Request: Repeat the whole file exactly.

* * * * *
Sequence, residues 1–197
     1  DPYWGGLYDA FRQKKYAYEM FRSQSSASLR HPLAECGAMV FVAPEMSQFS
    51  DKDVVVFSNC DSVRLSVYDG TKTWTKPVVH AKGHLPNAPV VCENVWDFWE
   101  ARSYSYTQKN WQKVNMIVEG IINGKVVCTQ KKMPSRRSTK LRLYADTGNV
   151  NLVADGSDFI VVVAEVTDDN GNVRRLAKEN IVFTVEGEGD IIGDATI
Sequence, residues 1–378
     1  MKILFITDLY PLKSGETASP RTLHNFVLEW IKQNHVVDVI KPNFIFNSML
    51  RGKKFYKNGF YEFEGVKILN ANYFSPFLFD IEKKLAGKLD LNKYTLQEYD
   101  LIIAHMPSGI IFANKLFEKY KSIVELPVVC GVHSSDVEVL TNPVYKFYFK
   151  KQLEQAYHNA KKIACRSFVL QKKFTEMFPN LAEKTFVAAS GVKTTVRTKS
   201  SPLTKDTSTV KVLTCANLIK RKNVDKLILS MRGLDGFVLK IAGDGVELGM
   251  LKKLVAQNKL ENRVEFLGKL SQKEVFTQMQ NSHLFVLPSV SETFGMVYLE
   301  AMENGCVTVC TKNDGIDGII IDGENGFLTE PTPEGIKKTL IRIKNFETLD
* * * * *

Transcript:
Sequence, residues 1–197
     1  DPYWGGLYDA FRQKKYAYEM FRSQSSASLR HPLAECGAMV FVAPEMSQFS
    51  DKDVVVFSNC DSVRLSVYDG TKTWTKPVVH AKGHLPNAPV VCENVWDFWE
   101  ARSYSYTQKN WQKVNMIVEG IINGKVVCTQ KKMPSRRSTK LRLYADTGNV
   151  NLVADGSDFI VVVAEVTDDN GNVRRLAKEN IVFTVEGEGD IIGDATI
Sequence, residues 1–378
     1  MKILFITDLY PLKSGETASP RTLHNFVLEW IKQNHVVDVI KPNFIFNSML
    51  RGKKFYKNGF YEFEGVKILN ANYFSPFLFD IEKKLAGKLD LNKYTLQEYD
   101  LIIAHMPSGI IFANKLFEKY KSIVELPVVC GVHSSDVEVL TNPVYKFYFK
   151  KQLEQAYHNA KKIACRSFVL QKKFTEMFPN LAEKTFVAAS GVKTTVRTKS
   201  SPLTKDTSTV KVLTCANLIK RKNVDKLILS MRGLDGFVLK IAGDGVELGM
   251  LKKLVAQNKL ENRVEFLGKL SQKEVFTQMQ NSHLFVLPSV SETFGMVYLE
   301  AMENGCVTVC TKNDGIDGII IDGENGFLTE PTPEGIKKTL IRIKNFETLD